Quilter has called upon the Government to take action to clamp down on the dramatic rise in online investment scams over the past year by including these and other financial harms within the scope of the forthcoming Online Safety Bill.

In a letter to Prime Minister Boris Johnson and Minister for Digital and Culture Oliver Dowden, Quilter CEO Paul Feeney warned that the proposed solution to the problem, the Online Advertising Programme, will not "provide the robust consumer protections required".

It follows similar calls from the Financial Conduct Authority (FCA), which in September urged the Government to include fraud in Online Harms legislation.

Instances of investor-related fraud activity often linked to "cloning" the websites and marketing material of legitimate financial services businesses skyrocketed in 2020, amid repeated warnings from the FCA, and Action Fraud estimating £78m of losses representing an average of £45,242 for individual cases.

Quilter's analysis of the FCA's warning list shows that 'clone firm' investment scams have increased by over 600% since 2010, and now account for over a third of all FCA warnings issued in the past decade.

In January, Quilter called on ministers to create a legal framework for tackling the extreme rise in impersonation scams, with the firm launching its own tool for reporting fraud of this kind.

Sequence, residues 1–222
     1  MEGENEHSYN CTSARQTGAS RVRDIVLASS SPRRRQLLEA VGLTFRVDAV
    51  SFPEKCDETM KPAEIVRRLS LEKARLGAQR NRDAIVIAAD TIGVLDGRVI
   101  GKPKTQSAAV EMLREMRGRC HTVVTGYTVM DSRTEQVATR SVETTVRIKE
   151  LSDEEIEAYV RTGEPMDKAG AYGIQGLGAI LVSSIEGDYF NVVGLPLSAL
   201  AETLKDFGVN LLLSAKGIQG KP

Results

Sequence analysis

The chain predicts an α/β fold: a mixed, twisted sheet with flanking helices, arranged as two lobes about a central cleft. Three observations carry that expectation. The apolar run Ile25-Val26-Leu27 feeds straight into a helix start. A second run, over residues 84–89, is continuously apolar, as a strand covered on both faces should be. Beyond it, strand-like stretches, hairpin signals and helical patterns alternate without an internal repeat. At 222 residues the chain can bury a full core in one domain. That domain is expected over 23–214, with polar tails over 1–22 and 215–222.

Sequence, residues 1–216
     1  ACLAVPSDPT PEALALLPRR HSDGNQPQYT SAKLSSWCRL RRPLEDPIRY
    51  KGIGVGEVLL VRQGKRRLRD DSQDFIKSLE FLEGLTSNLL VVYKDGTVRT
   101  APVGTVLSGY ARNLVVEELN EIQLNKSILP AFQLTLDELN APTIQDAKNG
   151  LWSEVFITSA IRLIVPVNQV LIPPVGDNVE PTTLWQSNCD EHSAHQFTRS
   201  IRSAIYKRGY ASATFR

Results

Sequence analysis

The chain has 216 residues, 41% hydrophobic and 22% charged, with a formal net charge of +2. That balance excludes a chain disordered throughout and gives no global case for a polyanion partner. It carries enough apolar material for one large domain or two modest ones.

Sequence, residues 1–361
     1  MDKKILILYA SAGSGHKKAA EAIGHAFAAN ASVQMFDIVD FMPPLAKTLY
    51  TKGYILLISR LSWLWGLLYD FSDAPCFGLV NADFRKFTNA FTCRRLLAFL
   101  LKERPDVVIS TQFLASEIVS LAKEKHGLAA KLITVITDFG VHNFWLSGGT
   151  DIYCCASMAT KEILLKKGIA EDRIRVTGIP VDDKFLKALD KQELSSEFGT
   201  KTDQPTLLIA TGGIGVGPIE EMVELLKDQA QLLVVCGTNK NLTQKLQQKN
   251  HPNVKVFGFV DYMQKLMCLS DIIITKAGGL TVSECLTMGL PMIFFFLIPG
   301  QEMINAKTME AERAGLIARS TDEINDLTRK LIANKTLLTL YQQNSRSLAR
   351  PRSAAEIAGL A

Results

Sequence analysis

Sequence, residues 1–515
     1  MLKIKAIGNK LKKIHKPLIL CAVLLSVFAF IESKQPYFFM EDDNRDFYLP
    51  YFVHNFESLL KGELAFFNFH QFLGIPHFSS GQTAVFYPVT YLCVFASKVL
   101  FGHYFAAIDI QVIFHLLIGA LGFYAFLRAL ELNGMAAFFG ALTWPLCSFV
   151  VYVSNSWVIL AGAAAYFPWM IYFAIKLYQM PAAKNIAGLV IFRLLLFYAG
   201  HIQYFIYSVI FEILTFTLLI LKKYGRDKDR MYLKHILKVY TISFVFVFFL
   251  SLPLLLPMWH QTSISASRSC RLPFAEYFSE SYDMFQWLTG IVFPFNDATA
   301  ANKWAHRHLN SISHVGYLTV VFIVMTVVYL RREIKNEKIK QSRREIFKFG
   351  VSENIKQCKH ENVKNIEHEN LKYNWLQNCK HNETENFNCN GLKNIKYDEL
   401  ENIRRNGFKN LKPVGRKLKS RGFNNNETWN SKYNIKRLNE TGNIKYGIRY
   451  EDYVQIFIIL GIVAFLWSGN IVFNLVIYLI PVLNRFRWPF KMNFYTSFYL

Quilter said inclusion of investment fraud and other financials harms in the Online Safety Bill would "ensure that search engines and social media platforms have legal responsibility for the content that appears on their sites, and that they will have a duty of care to ensure that users are not exposed to financial harm".

In his open letter to the Prime Minister, Feeney said Quilter is "concerned that failing to include online investment scams within scope" of the legislation may dismiss a "crucial opportunity to take decisive action".

"The Online Safety Bill was understandably not devised with investment scams in mind, and while we understand the Government's concerns surrounding including online scams - as set out in the response to the Online Harms white paper - we would urge the Government to reconsider the exclusion for a number of reasons," he added.

"Online investment scams are quickly becoming one of the most serious economic crime threats faced by consumers in the UK and as such, one of the key challenges for our law enforcement agencies.

"We believe that there needs to be holistic and coordinated action and activities from the Government, in addition to existing scam prevention efforts, including from the Home Office and the Treasury, rather than a single consultation issued solely by the Department for Digital, Culture, Media and Sport.

"We therefore respectfully recommend that your Government reconsiders the decision to exclude scams from the Online Safety Bill so that consumers are given greater protections as quickly as possible."

First published by our sister title Investment Week